As someone who uses instructional technology on a regular basis, I find the recent media attention to computer upgrades in the federal courtroom at Guantánamo rather ironic in that computer-mediated communication alone is assumed to facilitate learning, deliberation, and justice. Anyone who has ever evaluated teaching with technology knows that the technology is the least important part, and yet the computer podiums, document cameras, and annotated display screens often get all the initial attention.
For example, the military has run an official story, "Technology to help deliver state-of-the-art judicial proceeding," which provided the Guantánamo photo above, and the Flickr site from Public Radio International shows the installation process underway. Actually, formal thinking about these issues goes back to at least 2003, when William and Mary Law School Chancellor Frederick Lederer wrote "The Potential Use of Courtroom Technology in Major Terrorism Cases."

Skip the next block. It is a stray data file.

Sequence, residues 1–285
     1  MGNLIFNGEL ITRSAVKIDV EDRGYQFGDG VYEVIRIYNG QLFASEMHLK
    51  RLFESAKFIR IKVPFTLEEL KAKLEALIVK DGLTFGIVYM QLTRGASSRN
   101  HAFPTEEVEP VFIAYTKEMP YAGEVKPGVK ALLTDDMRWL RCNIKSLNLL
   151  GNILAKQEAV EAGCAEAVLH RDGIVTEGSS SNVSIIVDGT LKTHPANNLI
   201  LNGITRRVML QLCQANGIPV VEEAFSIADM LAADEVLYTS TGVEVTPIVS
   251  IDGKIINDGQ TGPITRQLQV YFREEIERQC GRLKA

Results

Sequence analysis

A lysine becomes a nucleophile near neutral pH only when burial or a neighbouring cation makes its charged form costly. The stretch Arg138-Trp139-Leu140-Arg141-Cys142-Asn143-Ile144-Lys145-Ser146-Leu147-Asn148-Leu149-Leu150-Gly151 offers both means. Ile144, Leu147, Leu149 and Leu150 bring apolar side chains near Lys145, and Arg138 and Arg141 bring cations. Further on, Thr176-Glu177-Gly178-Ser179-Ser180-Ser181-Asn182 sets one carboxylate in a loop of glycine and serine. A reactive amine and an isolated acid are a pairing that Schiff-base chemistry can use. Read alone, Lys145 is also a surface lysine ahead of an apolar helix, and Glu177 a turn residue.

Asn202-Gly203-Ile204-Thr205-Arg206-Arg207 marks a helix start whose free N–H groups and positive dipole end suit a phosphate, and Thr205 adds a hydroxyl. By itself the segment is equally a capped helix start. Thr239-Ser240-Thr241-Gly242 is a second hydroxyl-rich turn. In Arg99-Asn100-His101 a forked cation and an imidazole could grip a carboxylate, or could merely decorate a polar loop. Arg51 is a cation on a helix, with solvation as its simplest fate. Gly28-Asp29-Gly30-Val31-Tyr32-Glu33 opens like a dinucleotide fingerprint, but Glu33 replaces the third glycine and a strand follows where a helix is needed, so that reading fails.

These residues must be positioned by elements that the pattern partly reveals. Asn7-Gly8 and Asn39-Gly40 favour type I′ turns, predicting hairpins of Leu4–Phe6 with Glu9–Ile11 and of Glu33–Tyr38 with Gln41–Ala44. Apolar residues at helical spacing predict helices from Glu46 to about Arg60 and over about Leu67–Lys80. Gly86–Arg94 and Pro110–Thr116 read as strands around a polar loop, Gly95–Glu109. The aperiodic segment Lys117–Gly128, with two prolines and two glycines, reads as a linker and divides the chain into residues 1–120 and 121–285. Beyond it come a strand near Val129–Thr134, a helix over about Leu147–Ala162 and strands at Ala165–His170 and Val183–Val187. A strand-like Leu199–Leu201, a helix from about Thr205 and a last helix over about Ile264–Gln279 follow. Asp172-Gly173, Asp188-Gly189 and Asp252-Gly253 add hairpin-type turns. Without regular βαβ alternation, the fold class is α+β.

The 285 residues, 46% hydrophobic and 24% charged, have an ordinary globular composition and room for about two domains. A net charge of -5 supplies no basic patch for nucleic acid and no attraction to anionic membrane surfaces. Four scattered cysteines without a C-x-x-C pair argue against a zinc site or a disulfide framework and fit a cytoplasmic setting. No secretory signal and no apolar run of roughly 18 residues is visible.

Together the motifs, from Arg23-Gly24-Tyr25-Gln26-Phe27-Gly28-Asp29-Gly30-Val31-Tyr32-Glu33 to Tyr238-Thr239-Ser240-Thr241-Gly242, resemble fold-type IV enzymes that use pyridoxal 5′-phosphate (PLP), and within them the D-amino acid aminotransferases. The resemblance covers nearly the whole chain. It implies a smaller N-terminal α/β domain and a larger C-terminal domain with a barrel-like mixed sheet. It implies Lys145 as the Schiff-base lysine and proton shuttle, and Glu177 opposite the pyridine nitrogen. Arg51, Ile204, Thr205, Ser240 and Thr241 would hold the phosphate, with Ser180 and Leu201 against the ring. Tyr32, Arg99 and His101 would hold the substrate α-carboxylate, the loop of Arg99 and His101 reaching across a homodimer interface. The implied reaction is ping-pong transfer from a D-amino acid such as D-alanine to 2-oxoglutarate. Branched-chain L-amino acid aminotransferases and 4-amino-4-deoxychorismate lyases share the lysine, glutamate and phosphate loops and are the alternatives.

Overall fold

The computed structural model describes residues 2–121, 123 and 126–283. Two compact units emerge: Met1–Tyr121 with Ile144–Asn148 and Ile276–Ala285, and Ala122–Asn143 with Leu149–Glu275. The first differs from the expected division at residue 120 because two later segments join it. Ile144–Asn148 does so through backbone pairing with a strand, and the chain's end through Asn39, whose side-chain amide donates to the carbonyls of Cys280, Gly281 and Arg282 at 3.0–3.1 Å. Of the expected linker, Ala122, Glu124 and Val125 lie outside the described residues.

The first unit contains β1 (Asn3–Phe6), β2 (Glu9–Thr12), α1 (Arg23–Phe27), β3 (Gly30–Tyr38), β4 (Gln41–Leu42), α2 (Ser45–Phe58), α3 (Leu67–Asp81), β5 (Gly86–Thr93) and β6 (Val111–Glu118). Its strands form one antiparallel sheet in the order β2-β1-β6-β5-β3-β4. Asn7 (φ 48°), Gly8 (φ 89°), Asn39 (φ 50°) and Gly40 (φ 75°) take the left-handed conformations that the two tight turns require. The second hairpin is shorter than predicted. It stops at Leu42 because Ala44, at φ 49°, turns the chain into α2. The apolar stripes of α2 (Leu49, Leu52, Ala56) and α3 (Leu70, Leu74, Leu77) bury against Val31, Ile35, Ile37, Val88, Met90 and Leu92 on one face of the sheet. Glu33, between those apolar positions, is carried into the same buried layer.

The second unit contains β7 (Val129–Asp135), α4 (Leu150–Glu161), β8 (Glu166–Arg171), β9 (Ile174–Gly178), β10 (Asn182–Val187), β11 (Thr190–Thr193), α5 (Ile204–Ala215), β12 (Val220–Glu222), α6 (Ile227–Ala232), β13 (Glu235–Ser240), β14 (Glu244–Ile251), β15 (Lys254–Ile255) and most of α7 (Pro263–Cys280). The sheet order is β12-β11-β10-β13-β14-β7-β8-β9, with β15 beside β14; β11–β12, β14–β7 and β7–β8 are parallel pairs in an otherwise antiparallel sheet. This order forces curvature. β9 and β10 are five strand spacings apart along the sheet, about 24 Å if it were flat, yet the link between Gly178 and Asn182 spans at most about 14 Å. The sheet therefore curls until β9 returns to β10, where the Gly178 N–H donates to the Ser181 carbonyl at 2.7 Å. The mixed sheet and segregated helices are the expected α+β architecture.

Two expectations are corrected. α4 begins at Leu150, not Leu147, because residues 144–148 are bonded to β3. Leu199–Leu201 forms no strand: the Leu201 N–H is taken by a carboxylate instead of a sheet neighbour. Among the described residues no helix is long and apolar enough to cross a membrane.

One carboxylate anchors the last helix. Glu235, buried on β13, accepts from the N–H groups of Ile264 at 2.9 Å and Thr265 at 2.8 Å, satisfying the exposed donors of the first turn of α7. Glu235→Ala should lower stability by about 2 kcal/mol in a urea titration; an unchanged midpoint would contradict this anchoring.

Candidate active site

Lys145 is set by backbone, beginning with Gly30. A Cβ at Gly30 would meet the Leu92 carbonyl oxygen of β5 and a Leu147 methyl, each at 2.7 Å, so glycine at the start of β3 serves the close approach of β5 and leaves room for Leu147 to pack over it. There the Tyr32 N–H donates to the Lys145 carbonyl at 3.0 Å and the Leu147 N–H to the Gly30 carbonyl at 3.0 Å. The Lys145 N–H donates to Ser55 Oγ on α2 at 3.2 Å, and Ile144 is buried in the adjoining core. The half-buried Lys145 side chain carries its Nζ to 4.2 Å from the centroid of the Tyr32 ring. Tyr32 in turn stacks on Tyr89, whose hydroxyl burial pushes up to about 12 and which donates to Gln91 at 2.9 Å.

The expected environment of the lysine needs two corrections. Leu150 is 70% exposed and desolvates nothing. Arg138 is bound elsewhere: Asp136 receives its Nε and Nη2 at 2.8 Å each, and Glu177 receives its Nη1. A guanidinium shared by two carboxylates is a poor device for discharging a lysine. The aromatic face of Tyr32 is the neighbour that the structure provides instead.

As defendant Omar Khadr approaches his time before the military tribunal, access to his civilian attorney, who has been barred from the case, may be more important than bells-and-whistles courtroom technology, particularly since Khadr was only fifteen years old when he threw the grenade that killed a U.S. soldier and has spent much of his life in custody since then. Some have pointed out that the absence of books on U.S. case law in the much-vaunted Guantánamo library shows a similar lack of attention to the basics.